The "New York Jewish Week" has a predictably non-sympathetic view on Syrian-Iranian relations. Nothing new here. Just more spiel about how terrifying an Iranian nuclear programme would be and blah, blah, blah. Oy vey!

6 comments:

Jillian said...

Do you have a link to the article about the Filipino workers?

Thanks for this, btw.

Maysaloon said...

Hey no worries! I just updated the post with a link to the site, so you can check it out.

Nobody said...

*** Mentioning Syria he said, "Above all, on Syria, it is time for the Members of the Security Council to act". Of course Mr Cameron didn't have a problem with tyrants when he was visiting Putin a few days ago. Nor did Blair have a problem with Gaddafi when he met him in a tent in the Libyan desert and sorted out a tasty deal for BP. Yes, Libyan oil was available for the West before the Libyan revolution, and yes, Western leaders are hypocritical, but that's the nature of the beast. ***

You are making too much out of it. Life is life. They have to deal with Russia and China and others. And they had a deal with Gaddafi. If anything, I am surprised that they were ready to put so much at risk for the sake of supporting this lousy semi tribal semi Islamist revolution. They have basically toppled a friendly regime and sunk any prospect for a nuclear deal with Iran and North Korea. I wish to think that they will be rewarded for this with another democracy in North Africa, but they are just as likely to get collapse of migration controls into Europe, lose their oil and Libya itself to chaos and end their political careers the George Bush style

Nobody said...

*** "Syria says Ambush Kills 5 Security Personnel" - right...and it is true because SANA says so. If you don't believe SANA then you're probably not a patriot, and not really Syrian, and probably working for the Mossad and the CIA and al Qaeda. ***

************

*** McClatchy Newspapers

BENGHAZI, Libya -- Syrian activists fleeing persecution for taking part in the 6-month-old revolt against their government are flocking to Libya, where they face no visa requirements and can find work easily because of the exodus of foreign laborers during the uprising against Moammar Gadhafi.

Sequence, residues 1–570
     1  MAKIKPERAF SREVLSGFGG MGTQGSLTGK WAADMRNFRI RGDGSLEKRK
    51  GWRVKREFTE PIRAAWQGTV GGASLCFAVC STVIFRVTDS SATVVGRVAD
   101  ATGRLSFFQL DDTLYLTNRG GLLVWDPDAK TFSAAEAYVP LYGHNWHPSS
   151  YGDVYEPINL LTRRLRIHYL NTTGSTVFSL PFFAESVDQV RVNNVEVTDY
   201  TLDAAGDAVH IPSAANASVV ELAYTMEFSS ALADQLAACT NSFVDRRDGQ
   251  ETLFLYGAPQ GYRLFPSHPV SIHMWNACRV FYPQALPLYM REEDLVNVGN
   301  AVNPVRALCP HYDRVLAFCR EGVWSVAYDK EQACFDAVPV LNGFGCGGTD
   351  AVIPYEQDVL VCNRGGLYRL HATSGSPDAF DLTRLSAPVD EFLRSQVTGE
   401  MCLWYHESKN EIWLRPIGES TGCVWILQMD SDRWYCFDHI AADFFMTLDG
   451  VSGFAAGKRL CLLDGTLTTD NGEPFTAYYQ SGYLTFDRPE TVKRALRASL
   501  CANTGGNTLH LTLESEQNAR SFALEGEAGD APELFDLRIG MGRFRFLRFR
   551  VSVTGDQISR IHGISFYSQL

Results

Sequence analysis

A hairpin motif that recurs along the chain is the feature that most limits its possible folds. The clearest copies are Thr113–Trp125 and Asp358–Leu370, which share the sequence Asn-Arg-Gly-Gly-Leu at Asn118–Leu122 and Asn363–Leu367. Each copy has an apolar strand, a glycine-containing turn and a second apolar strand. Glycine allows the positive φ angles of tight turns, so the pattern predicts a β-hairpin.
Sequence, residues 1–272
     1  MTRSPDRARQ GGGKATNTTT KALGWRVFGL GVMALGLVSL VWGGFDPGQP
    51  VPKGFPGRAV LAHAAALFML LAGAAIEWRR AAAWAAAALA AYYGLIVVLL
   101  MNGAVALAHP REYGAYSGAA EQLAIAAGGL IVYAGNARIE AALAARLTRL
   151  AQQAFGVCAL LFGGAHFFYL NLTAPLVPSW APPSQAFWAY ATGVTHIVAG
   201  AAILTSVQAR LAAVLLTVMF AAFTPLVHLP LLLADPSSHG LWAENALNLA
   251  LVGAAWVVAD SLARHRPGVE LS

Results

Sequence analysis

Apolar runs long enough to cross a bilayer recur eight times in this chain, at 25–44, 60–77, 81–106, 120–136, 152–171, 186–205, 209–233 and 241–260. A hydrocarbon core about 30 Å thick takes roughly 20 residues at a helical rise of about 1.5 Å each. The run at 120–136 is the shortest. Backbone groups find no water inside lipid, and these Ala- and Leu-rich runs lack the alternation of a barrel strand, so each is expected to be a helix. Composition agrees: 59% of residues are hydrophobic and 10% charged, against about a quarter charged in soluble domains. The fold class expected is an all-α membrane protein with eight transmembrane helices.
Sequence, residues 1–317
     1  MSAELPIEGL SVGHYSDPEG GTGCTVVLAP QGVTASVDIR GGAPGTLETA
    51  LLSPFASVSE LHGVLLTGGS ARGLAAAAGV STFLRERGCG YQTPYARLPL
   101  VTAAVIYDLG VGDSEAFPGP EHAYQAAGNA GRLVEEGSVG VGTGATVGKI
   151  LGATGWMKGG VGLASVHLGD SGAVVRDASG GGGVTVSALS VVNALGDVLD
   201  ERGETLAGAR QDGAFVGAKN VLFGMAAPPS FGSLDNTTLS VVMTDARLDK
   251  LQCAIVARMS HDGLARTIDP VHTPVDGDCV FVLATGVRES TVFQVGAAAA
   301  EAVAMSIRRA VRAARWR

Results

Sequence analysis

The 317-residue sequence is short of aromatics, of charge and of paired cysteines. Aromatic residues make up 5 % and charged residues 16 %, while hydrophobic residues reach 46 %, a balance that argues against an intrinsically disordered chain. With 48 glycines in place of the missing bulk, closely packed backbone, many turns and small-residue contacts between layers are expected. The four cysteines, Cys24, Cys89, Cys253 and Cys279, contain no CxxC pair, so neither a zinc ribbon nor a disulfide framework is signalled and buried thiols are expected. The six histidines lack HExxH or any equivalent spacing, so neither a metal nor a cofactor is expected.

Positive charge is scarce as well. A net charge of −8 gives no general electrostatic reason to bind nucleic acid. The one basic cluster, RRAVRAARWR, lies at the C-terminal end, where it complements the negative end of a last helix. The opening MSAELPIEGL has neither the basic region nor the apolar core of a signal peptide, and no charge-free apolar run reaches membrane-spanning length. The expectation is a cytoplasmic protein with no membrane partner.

With fresh bullet wounds, emotional trauma and little cash, the Syrians trade experiences with one another largely without fear of Syrian President Bashar Assad's security apparatus. They also are consulting with Libyan activists on the merit of armed rebellion, with many now convinced that taking up weapons is their only hope for toppling Assad, who remains firmly in place despite months of peaceful protests, tougher sanctions and calls from the United States and Europe for his ouster.

Several Syrians who hail from the flashpoint towns of Deraa, Homs and Hama, interviewed here this week, said a minority of protesters already had used weapons against Assad's forces. They described rogue attacks on checkpoints and convoys, and one told of his role in bombing a bus that was carrying militia members.

The only obstacles to wider violence, they said, are a scarcity of guns and the threat of regime airstrikes.

. . .

The refugees in Libya provide a rare inside look at what has taken place in their country in recent months.

A man from Deraa choked up several times as he recounted how, less than two weeks ago, he and three friends built a homemade bomb packed with nails and ball bearings and lobbed it at a bus that belonged to the regime's feared Shabiha militia. He said there were injuries, but no deaths.

His account was impossible to verify, but on Sept. 7, the Syrian state news service SANA reported an attack that matched his description, saying that about 11 law enforcement personnel and four civilians - including a father and his two sons - were injured when an "armed terrorist group" attacked a military bus near Deraa. The agency said the explosive device used contained metal pieces, steel nails and metal balls to cause the largest possible number of casualties.

Source

Nobody said...

*** If the Syrians want to get rid of Assad, they will have to capitalise on whatever political currency they can get. ***

By the way, I don't know what kind of support they are expecting from the West, but with all sympathy that exists towards these revolutions in the West, another military operation is unlikely, if not impossible. Libya is a very different country. It's a huge and sparsely populated place where the rebels could create their own enclaves and hold on before NATO arrived. Such conditions apparently don't exist in Syria.

Nobody said...

Check this one